A powerful winter storm that dumped heavy snow from the Central Rockies to the Upper Great Lakes — including a foot around Minneapolis — weakened Thursday as it moved to the northeast.
But forecasters say a second storm, already pummeling California, could disrupt travelers, particularly in the northeast and mid-Atlantic states, as they begin heading home on Sunday.
Weather Channel forecasters warned of the possibility of end-of-holiday travel delays from wet or snow-covered roads and flight delays because of low pressure moving into the East.
The forecast calls for snow mainly in New York state and New England, with rain possible from the mid-Atlantic to the Southeast. The Midwest should still be coping with lingering snow as the weekend winds down.
Holiday travel basics for infrequent flyers:6 things to know if you haven’t flown latelyWhile the first system, which hit early this week, was still expected to produce mighty gusts across much of the northeast, it fell short in Manhattan, allowing organizers of the annual Macy’s Thanksgiving Day parade to permit the iconic balloons to float above the crowds as the floats wound their way through New York City streets.
Under parade rules, the balloons are lowered, or even grounded, when sustained winds exceed 23 mph and gusts exceed 34 mph.
Forecasters said the fading storm was still likely to drop 3 to 6 inches of snow northern New Hampshire into northern Maine and generate very windy conditions in much of the northeast.
The storm, which began to weaken on Thanksgiving Day, disrupted some holiday travelers — with flight cancellations and icy roadways — as it spread from the Rockies across the northern tier on Tuesday and Wednesday.
One person was killed near the ski town of Vail, Colorado, when a tractor-trailer jackknifed and was hit by two other trucks on Interstate 70.
Between 9 inches to a foot of snow around Minneapolis forced the city to declare a snow emergency Wednesday.
Meanwhile, the second, powerful storm in the northwest, which had been dubbed a “bomb cyclone,” forced the shutdown of a hundred miles of Interstate 5 between Yreka and Redding in northern California on Wednesday due to spinouts by motorists, according to CalTrans.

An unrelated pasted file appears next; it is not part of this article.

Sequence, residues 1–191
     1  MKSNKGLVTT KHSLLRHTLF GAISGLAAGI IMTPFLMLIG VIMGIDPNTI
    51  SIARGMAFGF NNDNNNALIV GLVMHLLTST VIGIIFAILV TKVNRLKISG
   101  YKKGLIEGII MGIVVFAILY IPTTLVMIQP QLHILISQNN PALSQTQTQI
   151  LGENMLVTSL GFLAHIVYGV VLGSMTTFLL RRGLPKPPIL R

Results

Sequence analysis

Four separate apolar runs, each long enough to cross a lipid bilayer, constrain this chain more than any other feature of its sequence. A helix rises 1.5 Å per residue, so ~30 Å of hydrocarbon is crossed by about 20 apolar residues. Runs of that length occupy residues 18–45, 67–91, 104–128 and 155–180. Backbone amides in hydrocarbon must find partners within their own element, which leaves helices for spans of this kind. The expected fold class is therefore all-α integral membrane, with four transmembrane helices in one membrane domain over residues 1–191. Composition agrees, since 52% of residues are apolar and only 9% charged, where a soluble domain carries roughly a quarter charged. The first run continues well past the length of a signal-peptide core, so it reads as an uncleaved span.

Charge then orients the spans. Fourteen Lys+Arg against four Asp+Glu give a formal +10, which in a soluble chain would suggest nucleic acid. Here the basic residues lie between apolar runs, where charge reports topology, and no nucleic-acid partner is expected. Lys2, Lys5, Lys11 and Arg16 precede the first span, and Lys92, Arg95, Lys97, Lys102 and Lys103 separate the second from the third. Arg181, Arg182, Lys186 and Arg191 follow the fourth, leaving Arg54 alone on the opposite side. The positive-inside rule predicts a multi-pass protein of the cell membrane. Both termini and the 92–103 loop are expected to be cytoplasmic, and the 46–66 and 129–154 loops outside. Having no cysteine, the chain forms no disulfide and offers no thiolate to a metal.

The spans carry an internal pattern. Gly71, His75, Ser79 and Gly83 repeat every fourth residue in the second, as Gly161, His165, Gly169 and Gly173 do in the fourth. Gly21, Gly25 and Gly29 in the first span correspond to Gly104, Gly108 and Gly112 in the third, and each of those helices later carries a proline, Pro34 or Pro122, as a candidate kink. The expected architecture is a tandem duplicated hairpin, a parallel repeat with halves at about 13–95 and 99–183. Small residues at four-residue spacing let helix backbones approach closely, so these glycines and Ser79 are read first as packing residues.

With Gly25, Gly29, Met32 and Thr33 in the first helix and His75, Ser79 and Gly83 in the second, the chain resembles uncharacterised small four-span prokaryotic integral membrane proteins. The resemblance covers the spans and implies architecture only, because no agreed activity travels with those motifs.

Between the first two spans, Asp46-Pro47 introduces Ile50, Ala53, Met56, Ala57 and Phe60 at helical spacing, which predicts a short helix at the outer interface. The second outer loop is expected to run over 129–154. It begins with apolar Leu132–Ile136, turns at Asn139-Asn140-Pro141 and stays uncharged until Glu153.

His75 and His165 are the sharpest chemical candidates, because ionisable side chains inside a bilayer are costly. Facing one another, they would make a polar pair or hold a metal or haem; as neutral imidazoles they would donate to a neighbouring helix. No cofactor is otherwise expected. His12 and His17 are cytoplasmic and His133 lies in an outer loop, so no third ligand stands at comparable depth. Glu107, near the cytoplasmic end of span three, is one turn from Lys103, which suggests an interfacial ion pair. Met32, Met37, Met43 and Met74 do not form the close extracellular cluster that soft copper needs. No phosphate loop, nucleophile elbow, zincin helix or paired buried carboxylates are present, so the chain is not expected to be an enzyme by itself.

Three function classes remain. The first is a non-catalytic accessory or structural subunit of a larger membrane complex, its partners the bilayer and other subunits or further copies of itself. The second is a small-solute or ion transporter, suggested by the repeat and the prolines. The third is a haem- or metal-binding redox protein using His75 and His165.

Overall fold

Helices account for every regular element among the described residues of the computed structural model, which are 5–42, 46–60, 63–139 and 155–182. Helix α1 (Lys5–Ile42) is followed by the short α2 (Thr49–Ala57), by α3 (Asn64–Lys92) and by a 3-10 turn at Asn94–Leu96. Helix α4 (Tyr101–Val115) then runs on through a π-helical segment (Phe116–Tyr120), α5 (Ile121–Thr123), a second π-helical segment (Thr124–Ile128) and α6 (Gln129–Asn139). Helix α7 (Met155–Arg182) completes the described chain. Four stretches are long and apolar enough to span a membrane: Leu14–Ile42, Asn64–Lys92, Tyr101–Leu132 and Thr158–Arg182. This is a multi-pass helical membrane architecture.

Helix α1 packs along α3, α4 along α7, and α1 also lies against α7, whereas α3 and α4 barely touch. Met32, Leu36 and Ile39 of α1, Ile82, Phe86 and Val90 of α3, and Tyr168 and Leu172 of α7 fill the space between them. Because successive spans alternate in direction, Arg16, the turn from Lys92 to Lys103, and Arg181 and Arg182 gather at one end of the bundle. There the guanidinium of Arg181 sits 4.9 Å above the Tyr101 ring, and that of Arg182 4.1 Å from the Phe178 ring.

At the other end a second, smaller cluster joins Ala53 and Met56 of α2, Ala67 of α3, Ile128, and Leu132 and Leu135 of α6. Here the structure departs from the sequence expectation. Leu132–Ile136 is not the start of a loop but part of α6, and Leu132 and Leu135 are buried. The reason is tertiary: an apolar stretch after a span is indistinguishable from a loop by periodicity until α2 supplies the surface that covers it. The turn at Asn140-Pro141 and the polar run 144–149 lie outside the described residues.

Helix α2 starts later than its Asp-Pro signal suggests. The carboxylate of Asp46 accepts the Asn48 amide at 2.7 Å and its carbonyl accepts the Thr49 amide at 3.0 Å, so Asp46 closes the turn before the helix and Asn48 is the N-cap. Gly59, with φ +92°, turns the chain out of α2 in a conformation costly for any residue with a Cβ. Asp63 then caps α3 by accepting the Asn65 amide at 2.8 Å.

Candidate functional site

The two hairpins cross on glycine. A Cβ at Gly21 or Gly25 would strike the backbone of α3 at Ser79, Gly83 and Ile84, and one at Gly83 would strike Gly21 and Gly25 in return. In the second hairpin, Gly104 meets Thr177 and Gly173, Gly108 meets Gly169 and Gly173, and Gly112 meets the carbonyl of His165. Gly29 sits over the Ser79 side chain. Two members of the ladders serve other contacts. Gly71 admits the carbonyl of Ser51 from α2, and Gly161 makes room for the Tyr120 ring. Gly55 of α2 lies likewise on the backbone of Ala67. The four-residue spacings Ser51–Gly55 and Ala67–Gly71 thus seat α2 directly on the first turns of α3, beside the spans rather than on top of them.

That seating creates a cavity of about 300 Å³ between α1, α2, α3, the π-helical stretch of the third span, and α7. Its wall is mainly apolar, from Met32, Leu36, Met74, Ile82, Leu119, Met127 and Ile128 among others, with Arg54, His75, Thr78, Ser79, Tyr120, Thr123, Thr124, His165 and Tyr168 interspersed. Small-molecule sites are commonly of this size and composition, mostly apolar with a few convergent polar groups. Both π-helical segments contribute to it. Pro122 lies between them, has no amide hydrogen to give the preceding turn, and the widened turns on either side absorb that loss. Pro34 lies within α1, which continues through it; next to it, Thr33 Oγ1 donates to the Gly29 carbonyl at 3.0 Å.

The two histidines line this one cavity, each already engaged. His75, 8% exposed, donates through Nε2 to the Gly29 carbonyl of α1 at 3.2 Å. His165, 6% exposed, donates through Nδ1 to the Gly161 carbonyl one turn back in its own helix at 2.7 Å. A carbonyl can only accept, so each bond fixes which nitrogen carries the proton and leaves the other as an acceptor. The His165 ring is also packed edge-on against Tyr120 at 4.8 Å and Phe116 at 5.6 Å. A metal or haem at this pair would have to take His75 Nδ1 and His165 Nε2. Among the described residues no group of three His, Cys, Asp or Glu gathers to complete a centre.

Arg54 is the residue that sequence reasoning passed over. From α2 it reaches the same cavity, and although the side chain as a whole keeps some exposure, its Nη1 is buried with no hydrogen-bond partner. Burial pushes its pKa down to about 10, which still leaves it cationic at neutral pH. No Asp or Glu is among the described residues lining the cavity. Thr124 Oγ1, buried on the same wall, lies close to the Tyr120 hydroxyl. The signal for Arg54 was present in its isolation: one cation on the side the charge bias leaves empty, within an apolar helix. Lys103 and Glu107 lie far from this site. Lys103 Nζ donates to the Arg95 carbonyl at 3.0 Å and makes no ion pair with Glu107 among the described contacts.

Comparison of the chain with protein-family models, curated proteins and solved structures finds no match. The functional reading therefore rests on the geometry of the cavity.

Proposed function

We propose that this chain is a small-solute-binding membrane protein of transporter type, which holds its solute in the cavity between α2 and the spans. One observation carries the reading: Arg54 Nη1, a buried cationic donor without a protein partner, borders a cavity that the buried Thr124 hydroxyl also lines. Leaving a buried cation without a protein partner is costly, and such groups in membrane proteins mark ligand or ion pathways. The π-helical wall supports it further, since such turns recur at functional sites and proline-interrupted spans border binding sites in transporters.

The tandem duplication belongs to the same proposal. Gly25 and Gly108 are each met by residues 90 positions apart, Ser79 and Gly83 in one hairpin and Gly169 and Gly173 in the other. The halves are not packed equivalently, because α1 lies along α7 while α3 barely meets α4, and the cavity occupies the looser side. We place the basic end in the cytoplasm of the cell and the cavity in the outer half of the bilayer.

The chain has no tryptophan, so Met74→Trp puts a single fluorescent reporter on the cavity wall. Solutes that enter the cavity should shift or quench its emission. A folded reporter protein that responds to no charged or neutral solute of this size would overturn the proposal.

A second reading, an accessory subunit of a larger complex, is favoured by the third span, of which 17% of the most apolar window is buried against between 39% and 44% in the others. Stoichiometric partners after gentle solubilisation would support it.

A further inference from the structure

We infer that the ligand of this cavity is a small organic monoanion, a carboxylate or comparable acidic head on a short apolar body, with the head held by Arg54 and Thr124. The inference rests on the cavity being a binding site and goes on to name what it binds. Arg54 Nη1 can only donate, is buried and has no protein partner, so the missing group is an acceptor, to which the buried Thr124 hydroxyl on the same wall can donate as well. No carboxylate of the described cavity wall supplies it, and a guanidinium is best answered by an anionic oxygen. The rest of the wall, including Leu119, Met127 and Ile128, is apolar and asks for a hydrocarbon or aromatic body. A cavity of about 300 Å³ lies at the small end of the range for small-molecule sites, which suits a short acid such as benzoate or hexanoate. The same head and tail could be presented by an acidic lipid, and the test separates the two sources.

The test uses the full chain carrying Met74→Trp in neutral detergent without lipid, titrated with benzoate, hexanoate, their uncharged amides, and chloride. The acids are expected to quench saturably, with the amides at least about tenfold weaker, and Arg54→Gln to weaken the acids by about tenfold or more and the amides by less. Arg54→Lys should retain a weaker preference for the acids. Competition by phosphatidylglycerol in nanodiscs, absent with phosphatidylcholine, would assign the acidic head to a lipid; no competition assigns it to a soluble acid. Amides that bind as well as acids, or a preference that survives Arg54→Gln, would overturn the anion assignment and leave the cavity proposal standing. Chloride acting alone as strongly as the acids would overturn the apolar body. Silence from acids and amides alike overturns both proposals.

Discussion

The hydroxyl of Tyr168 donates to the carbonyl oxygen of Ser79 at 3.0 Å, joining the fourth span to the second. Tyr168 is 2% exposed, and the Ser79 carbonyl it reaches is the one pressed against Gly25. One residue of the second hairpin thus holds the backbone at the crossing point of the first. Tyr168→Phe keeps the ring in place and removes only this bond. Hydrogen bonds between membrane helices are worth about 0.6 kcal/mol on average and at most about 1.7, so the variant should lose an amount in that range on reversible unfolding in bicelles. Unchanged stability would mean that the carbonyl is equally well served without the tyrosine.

A “bomb cyclone” is a rapidly intensifying winter storm that is triggered by a precipitous drop in atmospheric pressure. This one on Tuesday in northern California trapped many travelers on the road for hours, some spending the night in their cars.
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Christina Williams of Portland, Oregon, told the Associated Press that it took her and her 13-year-son 17 hours to reach Redding, a trip that normally takes seven hours.
Williams said she and other stranded drivers connected on Twitter using weather-related hashtags and began to communicate to find out what conditions were like in other parts of the backup.
“There were spinouts everywhere. There were trucks that were abandoned. And every time we stopped and started moving again, there were people who couldn’t start moving again,” Williams said. “Every time we stopped I was like, ‘Is this it? Are we going to be here overnight?’”
Forecasters said heavy snow is likely through the end of the week from the
Sierra Nevada to the central and northern Rockies, with 1 to 2 feet of snow in many of these areas.
By Friday, as the storm moves eastward, snow is forecast to develop across the northern Plains where winter storm watches are now in effect.